The part where we begin to see Norah and David’s relationship change is sad to me. I keep thinking you dummy just tell her and it will all be better!! But I know there have been times in my life where I tell those white lies thinking I might be helping someone or it is just being nicer or better for them not to know the truth. Yet that always comes back to bite me in the butt. The issue becomes even bigger or the truth comes out and then I have hurt the ones I love. Yet times when I come forward and admit my lies things seem to work out. Better to confess than get caught. HEE HEE.

5. bethany3boys - February 8, 2007

Hey Michelle,
Anne is right. People all grieve differently and it is hard to know what to do without asking. What might be great for one person would be horrible for another. So don’t feel down on yourself.

6. Jane Swanson - February 13, 2007

I did just the opposite of you and gave the intended gift to a bereaved mother and it seemed to make the situation worse because the mother wanted to bury her pain and not deal with it. My gift brought the pain to the forefront. Even though, I agree that people handle grief differently, sometimes it needs to be seen as not handling it at all but just trying to get away from it and not deal. It WILL come out. You cannot bury grief and it comes at you when you least expect it in many forms.
I know this is a novel and the character Caroline has many reasons for acting as she did, but there would be a completely different story if she had done the right thing and exposed this lie.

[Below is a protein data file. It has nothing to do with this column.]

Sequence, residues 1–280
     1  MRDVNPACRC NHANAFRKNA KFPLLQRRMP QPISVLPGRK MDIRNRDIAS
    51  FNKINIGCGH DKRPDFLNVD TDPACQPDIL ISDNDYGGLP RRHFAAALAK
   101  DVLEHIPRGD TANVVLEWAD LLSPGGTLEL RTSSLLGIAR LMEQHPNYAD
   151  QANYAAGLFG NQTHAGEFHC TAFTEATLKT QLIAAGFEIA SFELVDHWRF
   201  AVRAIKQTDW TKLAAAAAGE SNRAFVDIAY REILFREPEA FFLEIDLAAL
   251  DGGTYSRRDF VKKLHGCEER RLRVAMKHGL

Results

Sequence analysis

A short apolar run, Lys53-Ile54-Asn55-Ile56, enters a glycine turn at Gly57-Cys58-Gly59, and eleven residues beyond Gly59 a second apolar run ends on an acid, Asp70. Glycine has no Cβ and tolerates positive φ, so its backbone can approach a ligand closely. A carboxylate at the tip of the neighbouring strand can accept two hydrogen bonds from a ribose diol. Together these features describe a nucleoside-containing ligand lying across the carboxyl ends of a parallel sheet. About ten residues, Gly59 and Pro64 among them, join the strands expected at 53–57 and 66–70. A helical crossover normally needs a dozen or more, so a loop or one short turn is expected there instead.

I have read through 1964 and I am feeling angry at David and Caroline for not coming clean with this deception.

7. bethany3boys - February 13, 2007

Jane you are soooo right Grief does and Will come out now matter how we try to stop it. And I think it is important for it to come out or it obviously harbors bad choices later down the road…as we see for David here in this book.

After my miscarriage there were things I saved but stumbling on them one day caused lots of pain and I packed them up but kept them. I thought that would make me more in control of when I would grieve but it didn’t really matter. It would be triggered randomly by other things…things that were not even physical. I had to just had to take it to God and know that there is nothing wrong with being sad or grieving…it is a part of life.

8. Ashleigh - February 14, 2007

These chapters were so emotional. Anne, like you, I wanted to cry with every page. Especially when Norah talks about how lives aren’t interchangeable (p. 43) and wonders if Paul misses his twin (p. 44).

I found myself becoming very angry with David — for lying to Norah, for telling more lies to protect the first lie, for allowing the lies to tear at his marriage, for not taking Phoebe back when Caroline told him she still had her.

When it comes to deception, I believe the longer it is carried on, the greater it becomes and the deeper the hurt is going to be. If David would have told Norah the truth when he found out Caroline had the baby, yes, she would have been angry. But maybe she would have tried to forgive him and they could have found healing.

As far as Caroline goes, I think she should have told Norah. Yes, it would have caused her great pain to find out that David lied to her. But what greater pain if someday she finds out her daughter had not died after all and she was robbed of years with her?